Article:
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And whether or not Ireland likes it, on convergence.
Two years ago this is what he told the Economist
about Europe:
“So, firstly, Europe is gradually losing track of
its history… Europe has forgotten that it is a
community, by increasingly thinking of itself as a
market, with expansion as its end purpose. This
is a fundamental mistake, because it has reduced
the political scope of its project, essentially since
the 1990s. A market is not a community. A
community is stronger: it has notions of solidarity,
of convergence, which we’ve lost, and of political
thought. Secondly, a change in American strategy
is taking place; thirdly, the rebalancing of the
world goes hand in hand with the riseover the
last 15 years—of China as a power, which creates
the risk of bipolarisation and clearly marginalises
Europe. And add to the risk of a United States/
China “G2” the re-emergence of authoritarian
powers on the fringes of Europe, which also
weakens us very significantly.
Finally, added to all this we have an internal
European crisis: an economic, social, moral and
political crisis that began ten years ago. Europe
hasn’t re-lived civil war through armed conflict,
but has lived through selfish nationalism. In
Europe there has been a north-south divide on
economic issues, and east-west on the migration
issue, resulting in the resurgence of populism, all
over Europe. These two crises—economic and
migration—hit the middle classes particularly
hard. By raising taxes, by making budgetary
adjustments which hurt the middle classes, which
I believe was a historic mistake. Thats incidentally
what lies behind the rise in extremism throughout
Europe. A Europe that has become much less easy
to govern”.
The Economist gives Macron an 80% chance of
re-election. He has said and done what he thinks.
It’s good to understand him. History if not ideology
is on his side.
these matters, has claimed that “Mr
Macron has turned into something of
a closet socialist.
The most visible evidence of the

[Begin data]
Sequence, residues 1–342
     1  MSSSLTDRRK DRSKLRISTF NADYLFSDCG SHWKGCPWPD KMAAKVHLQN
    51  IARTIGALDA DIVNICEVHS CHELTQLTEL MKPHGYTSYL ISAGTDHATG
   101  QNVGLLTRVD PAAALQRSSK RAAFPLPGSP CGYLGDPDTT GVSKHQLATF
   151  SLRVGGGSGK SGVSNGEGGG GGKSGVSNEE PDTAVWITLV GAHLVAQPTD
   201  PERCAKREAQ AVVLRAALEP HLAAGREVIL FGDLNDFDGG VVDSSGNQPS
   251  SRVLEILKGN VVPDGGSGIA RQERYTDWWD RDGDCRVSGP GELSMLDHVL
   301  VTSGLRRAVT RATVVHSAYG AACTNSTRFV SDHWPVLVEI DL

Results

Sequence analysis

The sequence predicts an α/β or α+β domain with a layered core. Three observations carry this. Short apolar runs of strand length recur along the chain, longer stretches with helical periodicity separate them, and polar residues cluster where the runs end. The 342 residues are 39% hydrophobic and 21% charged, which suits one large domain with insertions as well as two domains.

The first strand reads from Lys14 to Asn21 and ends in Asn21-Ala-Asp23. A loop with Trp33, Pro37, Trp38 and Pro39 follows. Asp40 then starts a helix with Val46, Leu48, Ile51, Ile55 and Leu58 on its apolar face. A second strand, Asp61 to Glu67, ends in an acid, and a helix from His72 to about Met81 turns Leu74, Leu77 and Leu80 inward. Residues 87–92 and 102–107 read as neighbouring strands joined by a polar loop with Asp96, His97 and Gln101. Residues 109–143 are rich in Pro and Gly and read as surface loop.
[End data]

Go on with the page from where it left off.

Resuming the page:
president channelling his inner
Mitterrand is to be found in public
spending. When the pandemic struck,
Macron undertook to do whatever it
took. Since then he spent ten times
more last year to keep firms and
furloughed workers going than France
ever earned in a year from its wealth
tax. France was already outspending
all the Nordic countries on social
programmes, and in indebtedness.
Less noticed is a growing body of
progressive rights and rules Mr Macron has also
introduced: a doubling of guaranteed paternity
leave to four weeks, with one week compulsory;
fines for firms that fail to close the gender pay gap.
Internationally he has championed progressive
multilateral causes, from a global minimum
corporate-tax rate (a Macron pledge in 2017) to
vaccines for Africa.
France’s centre of political gravity has shifted
to the right. This, not the left, is where his toughest
competition will come from in April’s Presidential
election. Macron’s nod to the left is studiously
mild by French class-warrior standards, and in line
with his intellectual roots.
Not surprisingly his policy mix works quite well
in practice, even if not in theory.
Macron is much more philosophical than any
other European leader, contrasting with a long-
standing Irish weakness. His thinking, if he wins
a second term, may drive the future of the EU. It
centres on strength especially globally, on
creating a community not a market, on tackling
extremism and selfish nationalism and on
indulging the disaected centrist middle classes.
our years ago I wrote early in Emmanuel
Macron’s French Presidency that he had
shown more leadership than the entire
rest of the Western world since his
election. “He claims to have found a
political path between left and right, has made
clear in the most elegant ways his disdain for
Trump and has bowed to nobody, least of all
Vladimir Putin, in sharing truths about
international political thuggery.
I had a go at tracing his philosophic influences
largely through Paul Ricoeur of whom he was a
protégé. Through Ricoeur essentially Macron is
more likely to take an ethical approach, less likely
to lie, more likely to keep promises, more likely to
seek dialogue, see the other side and understand
that two interpretations are possible of an act or
situation, to be idealistic and secular.
A good topical example is his role of interlocutor
with Russia which bespeaks his willingness to see
the other side and both his pragmatism and his
idealism. He is touting the Russian perspective
but is a friend to Ukraine and has made troops
available just in case.
Inevitably with that philosophical
underpinning his overall record is
Macron has governed to the right
of centre though he had promised
to be in equal measure right and left
of centre. A former investment
banker, who scrapped the wealth
tax and picked two centre-right
prime ministers, he has moaned
about the money the state spends
on social welfare and does not
idealise France’s comprehensivist
welfare state. He has introduced
looser labour laws into the rigid
French system and he presided over
the longest strikes since 1968
driven by his proposed pension
reforms. He has been tough on
security and Islamist extremism.
Nevertheless the Economist
magazine, not sympathetic on
By Michael Smith
General government spending total, as % of GDP, 2020 or latest available (OECD)


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